How to have a life free from food addiction


I wouldn’t be here writing this if I hadn’t been down a certain road and now it is my job, my joy, to be in true service and guidance to others on the journey out of a dark space and into a life free from food addiction. Why? Because I know how important it is.


I had spent over 20 years struggling , self-sabotaging and playing Russian roulette with my own health but it wasn’t until 2008 – my “annus horribilis” – that I plummeted into burnout and my earth went pretty dark.


Up until that point I thought I could handle anything; face anything head on, beat it, overcome it.  I was successful in my profession as a dental surgeon, a good mum, good wife, good friend, good daughter. Nothing prepared me for the chink in my armour – my addiction to alcohol.


Alcohol had once been my best friend and now junk food had replaced it


Mentally, physically and emotionally, I was exhausted and my life was falling apart all around me.Getting the help I needed to recover was a blessing but what took me by surprise, was my growing love of junk food. I couldn’t believe it!  One addiction was replaced by another. Alcohol had once been my best friend and now junk food had replaced it. Then one morning I rolled out of bed feeling ill after a binge the night before and I realized this was an addiction. Same signs and symptoms and, in some ways, just as ferocious as the one I had with alcohol.


I behaved exactly the same way around certain foods as I did with alcohol. I was obsessive, compulsive, secretive. Carb hangovers, being sick, night sweats, feelings of guilt, shame, self-loathing, mood swings, depression – they all set in again. This was the true start of my own journey of discovery and recovery, finding out worked for me and what didn’t.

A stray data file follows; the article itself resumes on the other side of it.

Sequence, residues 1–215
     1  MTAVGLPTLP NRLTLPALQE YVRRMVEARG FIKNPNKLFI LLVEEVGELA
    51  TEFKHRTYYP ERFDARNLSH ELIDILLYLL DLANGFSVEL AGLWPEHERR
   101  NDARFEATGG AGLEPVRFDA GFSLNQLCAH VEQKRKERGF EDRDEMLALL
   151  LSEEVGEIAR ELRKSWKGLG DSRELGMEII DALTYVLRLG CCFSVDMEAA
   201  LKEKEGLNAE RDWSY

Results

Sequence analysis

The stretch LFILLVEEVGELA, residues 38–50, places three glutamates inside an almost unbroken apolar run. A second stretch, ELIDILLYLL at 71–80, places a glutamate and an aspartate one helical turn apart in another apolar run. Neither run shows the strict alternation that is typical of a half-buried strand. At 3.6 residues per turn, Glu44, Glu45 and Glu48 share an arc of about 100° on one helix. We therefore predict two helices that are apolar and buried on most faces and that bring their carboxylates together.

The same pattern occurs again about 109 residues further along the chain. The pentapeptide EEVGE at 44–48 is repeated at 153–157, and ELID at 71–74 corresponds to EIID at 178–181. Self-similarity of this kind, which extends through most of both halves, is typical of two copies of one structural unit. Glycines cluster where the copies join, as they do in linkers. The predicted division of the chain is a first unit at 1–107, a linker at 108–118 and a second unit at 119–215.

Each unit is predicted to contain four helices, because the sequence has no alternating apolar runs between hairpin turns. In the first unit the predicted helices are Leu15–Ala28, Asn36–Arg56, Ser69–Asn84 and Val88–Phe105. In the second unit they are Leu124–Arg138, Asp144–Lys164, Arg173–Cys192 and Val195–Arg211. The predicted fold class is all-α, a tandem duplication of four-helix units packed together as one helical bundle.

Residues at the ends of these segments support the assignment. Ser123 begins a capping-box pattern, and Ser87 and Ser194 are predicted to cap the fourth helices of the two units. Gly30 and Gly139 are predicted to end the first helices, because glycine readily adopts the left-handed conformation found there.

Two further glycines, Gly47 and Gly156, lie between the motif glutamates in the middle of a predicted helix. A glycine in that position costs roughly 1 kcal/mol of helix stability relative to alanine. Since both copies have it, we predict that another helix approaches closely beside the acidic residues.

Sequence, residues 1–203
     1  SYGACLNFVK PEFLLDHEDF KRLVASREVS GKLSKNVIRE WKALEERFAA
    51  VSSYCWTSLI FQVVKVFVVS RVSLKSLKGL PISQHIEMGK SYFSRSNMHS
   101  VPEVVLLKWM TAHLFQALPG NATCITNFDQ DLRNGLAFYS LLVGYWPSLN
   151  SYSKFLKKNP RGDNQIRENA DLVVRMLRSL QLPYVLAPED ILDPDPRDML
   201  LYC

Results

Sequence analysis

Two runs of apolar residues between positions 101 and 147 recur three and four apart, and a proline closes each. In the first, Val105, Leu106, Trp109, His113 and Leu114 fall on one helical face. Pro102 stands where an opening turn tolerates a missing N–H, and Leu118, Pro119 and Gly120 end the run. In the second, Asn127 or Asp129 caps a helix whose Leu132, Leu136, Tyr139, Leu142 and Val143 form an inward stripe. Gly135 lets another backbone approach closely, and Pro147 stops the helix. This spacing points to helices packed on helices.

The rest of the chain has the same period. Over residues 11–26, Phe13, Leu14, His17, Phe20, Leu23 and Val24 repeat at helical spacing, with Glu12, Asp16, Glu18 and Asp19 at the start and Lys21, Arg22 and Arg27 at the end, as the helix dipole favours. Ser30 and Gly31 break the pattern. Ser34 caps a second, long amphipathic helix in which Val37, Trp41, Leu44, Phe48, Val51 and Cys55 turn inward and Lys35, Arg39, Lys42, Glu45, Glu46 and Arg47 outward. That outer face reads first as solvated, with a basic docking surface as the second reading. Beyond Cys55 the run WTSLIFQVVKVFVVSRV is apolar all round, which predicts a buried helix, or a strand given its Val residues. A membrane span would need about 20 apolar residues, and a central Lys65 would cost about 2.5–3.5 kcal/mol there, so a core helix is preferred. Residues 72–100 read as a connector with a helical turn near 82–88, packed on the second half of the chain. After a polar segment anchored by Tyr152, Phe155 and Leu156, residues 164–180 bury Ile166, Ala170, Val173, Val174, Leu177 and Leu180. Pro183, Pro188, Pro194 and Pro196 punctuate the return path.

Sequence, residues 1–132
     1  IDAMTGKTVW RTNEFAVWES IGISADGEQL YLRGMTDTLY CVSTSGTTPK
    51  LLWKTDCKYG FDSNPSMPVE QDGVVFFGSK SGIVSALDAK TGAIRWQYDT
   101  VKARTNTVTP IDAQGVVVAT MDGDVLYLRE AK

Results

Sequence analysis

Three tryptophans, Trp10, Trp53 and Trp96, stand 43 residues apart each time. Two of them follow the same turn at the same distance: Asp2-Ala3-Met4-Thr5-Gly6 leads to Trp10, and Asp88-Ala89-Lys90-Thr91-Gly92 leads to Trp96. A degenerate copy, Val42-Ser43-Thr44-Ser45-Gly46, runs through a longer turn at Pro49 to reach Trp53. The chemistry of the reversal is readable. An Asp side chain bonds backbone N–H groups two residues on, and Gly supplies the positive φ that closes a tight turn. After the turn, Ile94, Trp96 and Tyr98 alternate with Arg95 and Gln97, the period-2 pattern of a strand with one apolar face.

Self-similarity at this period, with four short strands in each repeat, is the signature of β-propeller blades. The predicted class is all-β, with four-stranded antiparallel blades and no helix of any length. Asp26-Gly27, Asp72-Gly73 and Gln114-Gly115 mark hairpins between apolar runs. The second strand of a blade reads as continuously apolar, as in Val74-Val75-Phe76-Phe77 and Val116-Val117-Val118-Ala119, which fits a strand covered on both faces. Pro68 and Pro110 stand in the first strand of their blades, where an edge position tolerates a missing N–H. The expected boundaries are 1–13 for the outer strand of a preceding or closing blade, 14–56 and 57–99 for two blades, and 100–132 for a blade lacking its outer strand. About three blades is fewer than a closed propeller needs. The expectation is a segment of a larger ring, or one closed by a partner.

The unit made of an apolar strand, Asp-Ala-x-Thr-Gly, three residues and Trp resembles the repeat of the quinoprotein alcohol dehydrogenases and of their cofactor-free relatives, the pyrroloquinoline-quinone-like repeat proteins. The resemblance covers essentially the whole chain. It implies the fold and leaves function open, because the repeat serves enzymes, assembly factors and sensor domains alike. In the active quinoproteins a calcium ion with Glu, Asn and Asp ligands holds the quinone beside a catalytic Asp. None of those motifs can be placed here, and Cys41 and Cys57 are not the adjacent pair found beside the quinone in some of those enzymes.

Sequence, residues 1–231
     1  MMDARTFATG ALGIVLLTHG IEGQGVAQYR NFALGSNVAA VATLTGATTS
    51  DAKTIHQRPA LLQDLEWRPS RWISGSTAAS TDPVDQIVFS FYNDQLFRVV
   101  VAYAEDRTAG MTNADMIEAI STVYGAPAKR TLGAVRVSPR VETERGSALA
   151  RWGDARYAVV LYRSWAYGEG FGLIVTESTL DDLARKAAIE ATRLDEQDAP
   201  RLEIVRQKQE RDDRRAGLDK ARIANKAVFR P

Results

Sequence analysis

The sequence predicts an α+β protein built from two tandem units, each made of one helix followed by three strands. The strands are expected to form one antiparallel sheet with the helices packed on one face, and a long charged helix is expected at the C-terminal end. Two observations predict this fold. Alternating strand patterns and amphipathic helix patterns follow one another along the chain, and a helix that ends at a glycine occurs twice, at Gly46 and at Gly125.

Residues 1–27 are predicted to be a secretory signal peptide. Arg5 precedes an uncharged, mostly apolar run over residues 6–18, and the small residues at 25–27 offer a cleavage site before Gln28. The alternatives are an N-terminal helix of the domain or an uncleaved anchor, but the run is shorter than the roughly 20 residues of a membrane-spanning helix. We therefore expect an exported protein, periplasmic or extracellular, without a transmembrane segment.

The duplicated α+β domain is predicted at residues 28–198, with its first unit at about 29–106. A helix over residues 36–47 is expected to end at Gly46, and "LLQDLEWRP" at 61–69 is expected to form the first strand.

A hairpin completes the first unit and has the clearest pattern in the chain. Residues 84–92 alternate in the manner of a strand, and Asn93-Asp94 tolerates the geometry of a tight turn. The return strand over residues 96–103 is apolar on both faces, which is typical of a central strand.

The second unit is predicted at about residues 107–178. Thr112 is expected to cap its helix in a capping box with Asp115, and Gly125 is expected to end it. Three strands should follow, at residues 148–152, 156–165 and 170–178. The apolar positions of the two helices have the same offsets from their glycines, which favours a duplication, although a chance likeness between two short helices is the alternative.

My absolute passion today is to help others who, like myself, really didn’t understand their addiction. They’d spent years thinking they were weak-willed, lazy, greedy, trying every diet or health and fitness programme to lose weight, then getting caught in the vicious cycle of feeling good, swearing to never binge again, then turning to addictive eating once again.


I truly believe it to be an addiction. If it quacks like a duck and swims like a duck, it’s a duck. There is strong medical research and evidence to the fact that certain foods along with other factors can trigger food addiction.


Training to be an addictions coach was my first step, then going on to develop the Food Addiction Coach programme for health professionals. Today I am 13 years sober and 12 years free of the vicious cycle of food addiction and I am here to create a movement, an army of food addiction coaches, armed with facts, strategies and techniques to create transformation. We need a paradigm shift in the way we approach disordered eating and I am determined to help deliver it.





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